Kevin Pietersen and Manu Tuilagi: When is it OK to overlook your best players?

The England rugby union and cricket teams may have harmed their chances of success by taking a stand

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The Independent Online

Are England a better cricket side with Kevin Pietersen in the XI?  By any statistical, objective measure, it’s hard to make a case that we’re not.  Would we stand a better chance in the Rugby World Cup with Manu Tuilagi in the squad?  Perhaps less clear-cut but almost certainly yes.

And yet the reactions to their respective exclusions have been poles apart.  KP’s spurning – and the handling of the issue by the ECB that had coulrophobes the country over running for cover – was greeted with widespread public outcry. On the other hand, Tuilagi’s ban for England is accepted almost without question. Yes, Tuilagi has broken the law, while Pietersen has ‘only’ broken trust. But both are available for selection.

In Tuilagi’s case I suppose, when you have a squad of 50, it’s harder to get too hung up on a single omission. Just being English and knowing the difference between spherical and egg-shaped puts you in the frame.  [Apparently, I was next on the list but Lancaster was dissuaded by my ex-PE teacher’s assessment that I was “too small” (this from a man who was fully 5’5” in his studs but it was a long time ago and I’m not bitter).]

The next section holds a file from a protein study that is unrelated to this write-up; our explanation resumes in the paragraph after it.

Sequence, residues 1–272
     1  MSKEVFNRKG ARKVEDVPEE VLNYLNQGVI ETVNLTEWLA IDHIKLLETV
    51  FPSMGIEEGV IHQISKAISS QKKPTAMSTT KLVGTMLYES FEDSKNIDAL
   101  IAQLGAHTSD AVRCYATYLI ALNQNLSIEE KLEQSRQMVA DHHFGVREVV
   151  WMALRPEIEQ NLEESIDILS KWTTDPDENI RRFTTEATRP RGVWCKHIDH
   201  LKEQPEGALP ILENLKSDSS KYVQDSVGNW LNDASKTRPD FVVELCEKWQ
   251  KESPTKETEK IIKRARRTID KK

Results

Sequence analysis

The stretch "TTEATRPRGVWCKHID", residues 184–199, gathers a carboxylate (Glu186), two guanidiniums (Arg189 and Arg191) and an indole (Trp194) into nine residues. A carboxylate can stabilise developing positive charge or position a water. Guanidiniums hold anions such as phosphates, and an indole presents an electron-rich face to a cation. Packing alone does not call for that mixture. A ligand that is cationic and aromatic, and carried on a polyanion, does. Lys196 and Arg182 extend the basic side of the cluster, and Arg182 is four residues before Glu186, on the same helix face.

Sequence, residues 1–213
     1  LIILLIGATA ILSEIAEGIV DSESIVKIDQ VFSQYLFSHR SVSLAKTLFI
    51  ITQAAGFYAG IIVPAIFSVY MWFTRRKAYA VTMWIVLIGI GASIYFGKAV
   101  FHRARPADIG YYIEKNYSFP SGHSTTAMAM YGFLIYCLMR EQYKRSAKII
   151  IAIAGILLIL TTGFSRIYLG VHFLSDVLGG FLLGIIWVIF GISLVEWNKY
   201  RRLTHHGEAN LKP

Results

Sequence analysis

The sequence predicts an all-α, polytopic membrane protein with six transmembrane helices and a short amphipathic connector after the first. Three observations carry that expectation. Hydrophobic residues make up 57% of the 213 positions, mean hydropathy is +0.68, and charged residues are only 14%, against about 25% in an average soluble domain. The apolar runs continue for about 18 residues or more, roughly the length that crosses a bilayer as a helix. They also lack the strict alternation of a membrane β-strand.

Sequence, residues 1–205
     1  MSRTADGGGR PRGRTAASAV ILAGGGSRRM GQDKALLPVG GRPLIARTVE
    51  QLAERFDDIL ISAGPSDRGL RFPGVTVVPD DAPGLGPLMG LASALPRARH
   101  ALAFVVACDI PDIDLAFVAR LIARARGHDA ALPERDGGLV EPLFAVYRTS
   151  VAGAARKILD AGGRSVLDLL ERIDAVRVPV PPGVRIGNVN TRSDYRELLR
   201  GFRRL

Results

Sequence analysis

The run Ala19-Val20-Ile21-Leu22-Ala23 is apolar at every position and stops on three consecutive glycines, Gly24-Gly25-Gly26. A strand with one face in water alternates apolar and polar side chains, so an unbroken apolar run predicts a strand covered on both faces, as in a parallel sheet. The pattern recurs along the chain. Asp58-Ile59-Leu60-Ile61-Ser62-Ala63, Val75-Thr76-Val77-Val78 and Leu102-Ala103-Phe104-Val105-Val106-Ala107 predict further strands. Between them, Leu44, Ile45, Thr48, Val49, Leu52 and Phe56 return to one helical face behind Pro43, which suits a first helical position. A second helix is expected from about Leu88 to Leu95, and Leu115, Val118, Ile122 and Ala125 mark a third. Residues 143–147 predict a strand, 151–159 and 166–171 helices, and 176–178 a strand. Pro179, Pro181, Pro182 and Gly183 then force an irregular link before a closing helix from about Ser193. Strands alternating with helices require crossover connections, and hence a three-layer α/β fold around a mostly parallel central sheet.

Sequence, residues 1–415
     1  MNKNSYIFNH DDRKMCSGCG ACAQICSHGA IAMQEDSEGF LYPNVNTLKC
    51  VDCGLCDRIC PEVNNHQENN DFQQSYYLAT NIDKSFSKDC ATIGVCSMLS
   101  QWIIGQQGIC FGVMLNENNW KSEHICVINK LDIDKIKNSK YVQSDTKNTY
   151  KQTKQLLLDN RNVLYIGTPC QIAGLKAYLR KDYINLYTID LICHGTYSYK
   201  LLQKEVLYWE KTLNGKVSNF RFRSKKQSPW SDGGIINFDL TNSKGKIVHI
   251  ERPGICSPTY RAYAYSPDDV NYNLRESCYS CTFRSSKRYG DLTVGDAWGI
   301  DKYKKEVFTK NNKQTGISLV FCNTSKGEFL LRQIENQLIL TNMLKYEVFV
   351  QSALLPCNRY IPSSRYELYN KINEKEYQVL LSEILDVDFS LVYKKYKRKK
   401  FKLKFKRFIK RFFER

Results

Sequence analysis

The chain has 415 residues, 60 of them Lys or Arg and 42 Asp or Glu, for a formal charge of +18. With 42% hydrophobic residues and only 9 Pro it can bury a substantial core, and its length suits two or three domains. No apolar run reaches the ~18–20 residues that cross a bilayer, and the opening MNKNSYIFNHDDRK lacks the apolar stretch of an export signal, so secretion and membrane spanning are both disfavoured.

Rugby Union’s recent past is littered with examples of overlooked talent. Self-imposed RFU rules have meant the likes of Nick Abendanon and Steffon Armitage are out of the England running, despite being two of the finest players in Europe.  A few years back, the wildly gifted Danny Cipriani endured a six-year exile from the England fold. Admittedly, his alleged cheering of Wales in the 2010 Six Nations probably wouldn’t have endeared him to then-coach Martin Johnson anyway, but six years is a lengthy sentence.

Football too has a history of hanging its mavericks out to dry, especially when it comes to the FA and the England team. Stan Bowles, Frank Worthington, Alan Hudson, Rodney Marsh, Tony Currie and Matt Le Tissier have 49 England caps between them.  James Milner has 53.  In the cases of Bowles, Worthington, Hudson, Marsh and Currie, one wonders how different it might have been had the biggest (and biggest-headed) maverick of them all, Brian Clough, been allowed to manage England. But that was about as likely to happen as Johnny Rotten becoming king.

So, does British (English) sport have –has it always had – an inherent aversion to pure talent?